I am currently looking at flashes a lot and it appears to me that camera and flash producers are making it increasingly hard to derive any value from an external flash.
I have one old flash with a guide number of 40 that has a fixed angle head sufficient for f=35mm, so it is advertised with a guide number of 40. There is an optional zoom head with its own guide number tables, having 50 at f=70mm, 53 at f=100mm and 70 at f=200mm.
Now I get to an old flash with built-in zoom reflector covering a range from f=24mm to f=100mm (basically you pull it out for longer range). That one is advertised with a guide number of 35. Consulting the sliderule style calculator on its back makes it possible to figure out that this guide number holds for f=50mm. At f=100mm, it would have about 44, at f=24mm (zoom head not extended at all) about 26. Ok, specifying at f=50mm seems sort-of a fair compromise even though the fixed-head flashes would always cover a wider angle than that (but not 24mm for sure).
So now I look at current offerings of the same manufacturer and you don't even get to figure out the guide number at all. They advertise a guide number of 36 but there is (at f=105mm) in the small print, so small that several dealers are stating that this is the guide number at f=50mm. So what does the instruction leaflet say? I mean, apart from "we do everything automatically, don't bother"? Looking at manual specification of flash power tells you you can reduce up to M/128 and with regard to the required reduction, consult a flash exposure meter.
To make comparison and reuse harder, everyone has his own through-the-lens measuring systems. While this proliferation started in analog times already, digital has made it worse. I'd expect third-party flash manufacturers to produce multi-standard flashes, but you have to buy your flash for your particular camera manufacturer (and sometimes type). The adapter system SCA3000 is on the way out.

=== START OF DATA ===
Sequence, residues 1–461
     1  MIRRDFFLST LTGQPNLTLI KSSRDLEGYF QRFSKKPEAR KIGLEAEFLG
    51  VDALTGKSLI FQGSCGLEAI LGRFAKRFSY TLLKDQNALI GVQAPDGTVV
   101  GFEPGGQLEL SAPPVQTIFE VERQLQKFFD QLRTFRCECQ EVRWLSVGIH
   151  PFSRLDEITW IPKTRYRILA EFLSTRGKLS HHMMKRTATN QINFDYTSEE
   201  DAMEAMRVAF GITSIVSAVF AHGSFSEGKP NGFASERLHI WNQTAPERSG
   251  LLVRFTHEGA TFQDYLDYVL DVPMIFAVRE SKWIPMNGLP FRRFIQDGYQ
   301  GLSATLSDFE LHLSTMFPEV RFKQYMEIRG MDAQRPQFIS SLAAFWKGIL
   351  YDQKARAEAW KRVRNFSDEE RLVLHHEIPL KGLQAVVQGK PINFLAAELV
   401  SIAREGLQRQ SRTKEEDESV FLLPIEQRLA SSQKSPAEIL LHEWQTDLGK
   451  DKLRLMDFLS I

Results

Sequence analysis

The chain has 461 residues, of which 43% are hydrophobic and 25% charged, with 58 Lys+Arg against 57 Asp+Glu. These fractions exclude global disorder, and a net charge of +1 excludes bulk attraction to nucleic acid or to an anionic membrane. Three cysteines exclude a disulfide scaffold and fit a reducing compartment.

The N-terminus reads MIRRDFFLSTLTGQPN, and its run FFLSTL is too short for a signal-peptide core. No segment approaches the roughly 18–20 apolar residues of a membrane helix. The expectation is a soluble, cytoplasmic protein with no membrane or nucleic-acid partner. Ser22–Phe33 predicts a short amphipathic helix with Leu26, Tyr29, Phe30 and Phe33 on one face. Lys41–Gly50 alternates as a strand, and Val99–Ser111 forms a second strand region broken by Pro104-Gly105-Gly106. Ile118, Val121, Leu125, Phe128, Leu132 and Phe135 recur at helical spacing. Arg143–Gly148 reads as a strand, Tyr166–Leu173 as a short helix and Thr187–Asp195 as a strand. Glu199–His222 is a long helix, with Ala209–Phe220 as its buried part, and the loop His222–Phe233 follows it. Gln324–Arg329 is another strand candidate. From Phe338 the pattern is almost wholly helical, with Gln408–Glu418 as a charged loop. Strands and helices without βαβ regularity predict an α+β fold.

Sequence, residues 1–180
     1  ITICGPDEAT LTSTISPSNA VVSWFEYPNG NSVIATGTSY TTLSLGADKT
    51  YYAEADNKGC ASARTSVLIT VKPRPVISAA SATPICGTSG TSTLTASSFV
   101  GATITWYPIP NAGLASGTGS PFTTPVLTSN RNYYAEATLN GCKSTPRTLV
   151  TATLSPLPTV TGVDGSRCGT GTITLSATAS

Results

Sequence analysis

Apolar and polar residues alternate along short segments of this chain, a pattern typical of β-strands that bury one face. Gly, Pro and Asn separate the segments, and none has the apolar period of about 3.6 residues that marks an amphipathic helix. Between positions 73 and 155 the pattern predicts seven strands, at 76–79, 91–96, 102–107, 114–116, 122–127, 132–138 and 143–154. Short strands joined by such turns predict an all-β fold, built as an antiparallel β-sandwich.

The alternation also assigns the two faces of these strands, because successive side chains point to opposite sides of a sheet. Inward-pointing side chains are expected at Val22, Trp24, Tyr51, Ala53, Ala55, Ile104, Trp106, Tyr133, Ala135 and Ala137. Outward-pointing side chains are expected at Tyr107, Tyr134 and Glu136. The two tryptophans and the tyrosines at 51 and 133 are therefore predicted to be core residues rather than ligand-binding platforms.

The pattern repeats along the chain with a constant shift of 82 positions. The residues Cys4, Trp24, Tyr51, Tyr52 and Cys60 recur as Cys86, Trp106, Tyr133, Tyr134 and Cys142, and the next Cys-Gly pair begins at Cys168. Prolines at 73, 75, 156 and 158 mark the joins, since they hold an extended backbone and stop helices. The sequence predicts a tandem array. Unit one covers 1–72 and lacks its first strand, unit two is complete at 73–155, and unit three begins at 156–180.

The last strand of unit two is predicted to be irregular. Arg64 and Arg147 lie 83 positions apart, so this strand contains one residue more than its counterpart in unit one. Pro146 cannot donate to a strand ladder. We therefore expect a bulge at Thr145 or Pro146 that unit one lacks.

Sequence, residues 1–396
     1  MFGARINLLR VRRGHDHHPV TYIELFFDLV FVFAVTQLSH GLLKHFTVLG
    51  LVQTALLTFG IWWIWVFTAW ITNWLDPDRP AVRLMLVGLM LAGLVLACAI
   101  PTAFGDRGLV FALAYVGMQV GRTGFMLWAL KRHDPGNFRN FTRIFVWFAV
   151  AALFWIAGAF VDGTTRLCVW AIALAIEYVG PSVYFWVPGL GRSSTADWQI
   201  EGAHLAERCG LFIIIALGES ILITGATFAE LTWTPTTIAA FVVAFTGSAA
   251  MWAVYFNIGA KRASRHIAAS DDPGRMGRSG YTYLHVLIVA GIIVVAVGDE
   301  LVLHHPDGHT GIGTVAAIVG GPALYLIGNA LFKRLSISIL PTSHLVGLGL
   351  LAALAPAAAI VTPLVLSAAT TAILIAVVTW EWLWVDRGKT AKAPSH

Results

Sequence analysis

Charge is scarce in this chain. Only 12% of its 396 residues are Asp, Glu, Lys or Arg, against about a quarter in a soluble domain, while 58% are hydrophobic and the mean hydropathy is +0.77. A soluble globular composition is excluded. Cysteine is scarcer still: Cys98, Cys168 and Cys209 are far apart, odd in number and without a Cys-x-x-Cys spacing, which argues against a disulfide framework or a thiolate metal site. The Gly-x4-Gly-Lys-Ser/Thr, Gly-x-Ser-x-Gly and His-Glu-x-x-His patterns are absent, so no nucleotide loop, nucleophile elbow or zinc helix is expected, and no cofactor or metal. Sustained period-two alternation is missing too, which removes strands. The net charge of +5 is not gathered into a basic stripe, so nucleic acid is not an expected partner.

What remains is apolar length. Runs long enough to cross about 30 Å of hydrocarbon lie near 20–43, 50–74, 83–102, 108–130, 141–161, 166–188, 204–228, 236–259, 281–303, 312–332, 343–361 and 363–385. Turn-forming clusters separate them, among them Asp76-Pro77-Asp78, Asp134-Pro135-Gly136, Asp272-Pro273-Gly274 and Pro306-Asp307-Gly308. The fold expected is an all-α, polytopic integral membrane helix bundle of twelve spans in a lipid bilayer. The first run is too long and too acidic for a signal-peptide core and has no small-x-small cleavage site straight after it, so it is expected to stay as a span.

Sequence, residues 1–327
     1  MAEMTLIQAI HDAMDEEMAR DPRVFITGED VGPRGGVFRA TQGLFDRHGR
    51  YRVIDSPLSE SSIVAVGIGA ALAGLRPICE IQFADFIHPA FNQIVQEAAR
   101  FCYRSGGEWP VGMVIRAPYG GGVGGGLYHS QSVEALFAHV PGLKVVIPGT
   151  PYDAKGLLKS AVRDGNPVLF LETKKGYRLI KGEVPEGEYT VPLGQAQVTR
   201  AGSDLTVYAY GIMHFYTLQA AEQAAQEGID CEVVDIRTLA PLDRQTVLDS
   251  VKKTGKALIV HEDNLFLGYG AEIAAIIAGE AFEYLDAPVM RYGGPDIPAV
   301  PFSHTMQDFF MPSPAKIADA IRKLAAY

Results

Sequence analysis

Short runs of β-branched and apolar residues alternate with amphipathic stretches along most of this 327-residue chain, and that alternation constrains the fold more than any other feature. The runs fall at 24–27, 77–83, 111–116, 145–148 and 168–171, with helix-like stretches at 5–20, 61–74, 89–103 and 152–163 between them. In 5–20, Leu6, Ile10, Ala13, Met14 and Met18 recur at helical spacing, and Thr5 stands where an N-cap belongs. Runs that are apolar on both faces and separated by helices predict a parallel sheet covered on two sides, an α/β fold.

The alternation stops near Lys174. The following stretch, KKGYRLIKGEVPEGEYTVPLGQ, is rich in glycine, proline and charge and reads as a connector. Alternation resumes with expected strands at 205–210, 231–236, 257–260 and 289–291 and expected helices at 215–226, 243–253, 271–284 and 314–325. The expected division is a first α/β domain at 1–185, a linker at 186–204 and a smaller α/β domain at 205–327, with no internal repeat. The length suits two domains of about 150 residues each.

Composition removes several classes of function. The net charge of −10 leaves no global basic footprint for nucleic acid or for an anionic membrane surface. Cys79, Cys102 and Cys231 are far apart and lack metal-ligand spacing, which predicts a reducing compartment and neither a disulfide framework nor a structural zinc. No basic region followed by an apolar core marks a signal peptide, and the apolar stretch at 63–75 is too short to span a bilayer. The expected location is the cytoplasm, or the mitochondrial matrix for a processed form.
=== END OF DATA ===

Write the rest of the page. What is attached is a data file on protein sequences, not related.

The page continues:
Now one of the main points of an external flash is being able to compose a scene which more often than not means that the external flash is not being the sole responsible light source. As a consequence, any automatism for determining its strength is likely to turn out problematic since it is looking at things it is not responsible for.
So my impression is that "modern" flashes are weak and the manufacturers don't even tell you how weak they are. If a flash is the sole light in a scene and a direct light (which makes its automatic zoom action desirable in the first place), that's sort of ok and modern sensors allow accommodation with higher ISO values without too much damage.
But as a competing light source, it has to hold its own against (at worst) the sun in backlit situations. And you cannot raise the ISO for that.
So my impression is that consumer external flashes move in a direction where they don't offer a lot any more over built-in camera flashes (short of a swiveling/tilting head) which would doom them into becoming spurious.
Am I wrong with that impression?